ble. At Clcbs precinct in the same county
the negroes attempted to break into tne
polling place when u pistol was tired, and
trouble seemed imminent forawhile. The
election officers kept cool, and the au
thorities soon had the mob under con
trol. Fearing more trouble, the Old Do
minion Cunrds, of 1'orlsinouUi, were
sent to the scene of the disturbance
their services were not needed, and they
returned home immediately. The shot
fired struck a colored man in the crowd.
The wound, while painful, is not fatal.
Portsmouth mves a democratic ma
jority of about 500. a gain of (ili.
St.m xton. Va., November 5 Augusta
county and Staunton, give a del", major
ity ol"2,000 a deni. gain of 1,000. Re
ports from Alleghany indicate that that
county gives .McKinncy ,'100 gain over
1888." Rockbridge and Rockingham
show heavy detn. gains. Mahone was
Nokfoi.k, Va., November 5 Returns
at midnight indicate that this Congres
sional district which nave ,IIO republi
can majority last year has gone demo
cratic by a small majority, and several
(lemocratic members of the Legislature
have been gained. Portsmouth City
gives a democratic niajoiity of H.'ll, a
gain of '.17.
a m;;ro ji ix;r..
I.eaviK the 1'olln and Then
Richmond. Va., November 5 At 3.30
o'clock this afternoon a negro judge of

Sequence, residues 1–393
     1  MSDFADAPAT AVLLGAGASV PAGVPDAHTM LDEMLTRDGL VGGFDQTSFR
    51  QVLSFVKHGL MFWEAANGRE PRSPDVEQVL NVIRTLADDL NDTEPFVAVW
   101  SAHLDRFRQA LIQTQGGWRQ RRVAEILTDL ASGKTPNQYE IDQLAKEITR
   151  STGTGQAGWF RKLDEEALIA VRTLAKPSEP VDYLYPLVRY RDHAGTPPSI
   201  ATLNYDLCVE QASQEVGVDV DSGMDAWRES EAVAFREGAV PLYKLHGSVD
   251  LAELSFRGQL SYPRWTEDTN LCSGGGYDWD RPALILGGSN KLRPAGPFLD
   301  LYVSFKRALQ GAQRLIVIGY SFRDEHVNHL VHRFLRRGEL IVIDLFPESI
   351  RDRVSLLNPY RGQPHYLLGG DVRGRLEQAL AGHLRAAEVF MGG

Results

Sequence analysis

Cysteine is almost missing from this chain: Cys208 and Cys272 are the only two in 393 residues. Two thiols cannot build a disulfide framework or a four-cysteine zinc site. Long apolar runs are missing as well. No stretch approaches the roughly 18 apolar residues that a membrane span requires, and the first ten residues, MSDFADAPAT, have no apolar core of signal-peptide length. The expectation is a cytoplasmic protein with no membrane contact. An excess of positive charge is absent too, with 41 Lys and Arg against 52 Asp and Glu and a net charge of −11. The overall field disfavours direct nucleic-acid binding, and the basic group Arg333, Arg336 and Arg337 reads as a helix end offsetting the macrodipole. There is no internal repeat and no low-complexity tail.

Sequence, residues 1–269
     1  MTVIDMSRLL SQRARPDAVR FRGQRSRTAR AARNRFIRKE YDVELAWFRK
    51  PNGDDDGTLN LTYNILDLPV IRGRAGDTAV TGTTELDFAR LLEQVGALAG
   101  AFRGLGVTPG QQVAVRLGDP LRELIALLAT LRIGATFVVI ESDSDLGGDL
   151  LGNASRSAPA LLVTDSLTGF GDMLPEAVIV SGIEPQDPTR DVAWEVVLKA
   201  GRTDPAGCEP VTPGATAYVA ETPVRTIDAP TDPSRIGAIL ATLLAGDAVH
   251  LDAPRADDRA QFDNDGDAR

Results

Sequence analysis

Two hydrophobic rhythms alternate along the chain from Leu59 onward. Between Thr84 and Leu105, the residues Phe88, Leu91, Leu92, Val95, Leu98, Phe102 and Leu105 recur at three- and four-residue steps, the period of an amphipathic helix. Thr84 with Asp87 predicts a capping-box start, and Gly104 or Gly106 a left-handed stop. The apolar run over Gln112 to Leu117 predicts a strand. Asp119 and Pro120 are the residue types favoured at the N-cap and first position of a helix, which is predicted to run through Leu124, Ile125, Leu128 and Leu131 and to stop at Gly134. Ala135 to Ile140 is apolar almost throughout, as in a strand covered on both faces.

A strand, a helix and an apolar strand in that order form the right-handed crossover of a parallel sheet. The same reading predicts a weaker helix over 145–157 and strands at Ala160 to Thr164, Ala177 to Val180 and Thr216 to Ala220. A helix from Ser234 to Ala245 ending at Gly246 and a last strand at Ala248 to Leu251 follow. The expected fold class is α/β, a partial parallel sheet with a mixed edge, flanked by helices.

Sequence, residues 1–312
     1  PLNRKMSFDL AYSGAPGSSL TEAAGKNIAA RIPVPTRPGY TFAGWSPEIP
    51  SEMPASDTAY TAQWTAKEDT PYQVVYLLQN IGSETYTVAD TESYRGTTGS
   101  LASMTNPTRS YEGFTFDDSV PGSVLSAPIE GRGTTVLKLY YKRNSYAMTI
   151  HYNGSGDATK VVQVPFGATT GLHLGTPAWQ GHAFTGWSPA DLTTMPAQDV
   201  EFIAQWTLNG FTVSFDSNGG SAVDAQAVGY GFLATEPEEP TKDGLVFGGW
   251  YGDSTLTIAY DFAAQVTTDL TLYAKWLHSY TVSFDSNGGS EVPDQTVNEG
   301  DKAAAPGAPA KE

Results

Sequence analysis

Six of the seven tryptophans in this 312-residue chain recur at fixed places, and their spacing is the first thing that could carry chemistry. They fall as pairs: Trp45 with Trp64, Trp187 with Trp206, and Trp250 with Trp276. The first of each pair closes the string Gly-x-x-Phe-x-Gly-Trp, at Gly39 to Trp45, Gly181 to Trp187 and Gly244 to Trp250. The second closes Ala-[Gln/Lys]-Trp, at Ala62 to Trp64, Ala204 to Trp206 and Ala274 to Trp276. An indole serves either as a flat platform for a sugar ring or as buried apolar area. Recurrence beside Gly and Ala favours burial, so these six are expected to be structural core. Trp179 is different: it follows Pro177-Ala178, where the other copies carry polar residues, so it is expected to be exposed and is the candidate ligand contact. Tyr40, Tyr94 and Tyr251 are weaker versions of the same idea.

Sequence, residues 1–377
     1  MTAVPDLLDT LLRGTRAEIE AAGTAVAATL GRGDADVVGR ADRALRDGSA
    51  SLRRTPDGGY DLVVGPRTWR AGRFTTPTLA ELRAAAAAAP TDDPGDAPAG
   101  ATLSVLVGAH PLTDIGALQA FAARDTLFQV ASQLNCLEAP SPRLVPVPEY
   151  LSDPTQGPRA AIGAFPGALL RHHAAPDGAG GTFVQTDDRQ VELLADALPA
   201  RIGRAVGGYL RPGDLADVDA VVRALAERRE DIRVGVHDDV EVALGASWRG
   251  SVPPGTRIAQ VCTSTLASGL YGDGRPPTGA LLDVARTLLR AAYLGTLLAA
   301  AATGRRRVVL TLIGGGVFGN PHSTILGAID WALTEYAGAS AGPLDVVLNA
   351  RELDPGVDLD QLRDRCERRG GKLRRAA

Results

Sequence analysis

the election at the first precinct in Jack
son ward lelt the room for half an hour.
When he returned he preferred charges
against Preston Kelvin, and II. M.
Smith, jr., lor obstructing voters. 1 he
other two judges tried the case, and dis
charged Kelvin and Smith, and required
the negro judge to pay costs. This net
tled the negro, and he refused to serve as
judge any longer. This put a stopto the
voting, but it was resumed about 5
At the second precinct, in the same
ward, Fred Mussey, a correspondent of
the Cincinnati Commercial Caette, got
into a difficulty with a commercial trav
eler, who dealt him several severe blows.
Several negroes were arrested for al
leged illegal voting.
It is estimated that Richmond will give
McKinncy over 3,000 majority a, gain of
more than 1,000. Southampton county,
Mahone's birthplace, has gone against
M AHHACIll Si; i T.
Tlie IteaioeratH Lose In Hohton
Hut ;ain In the Country.
Huston, Mass., November 5. Two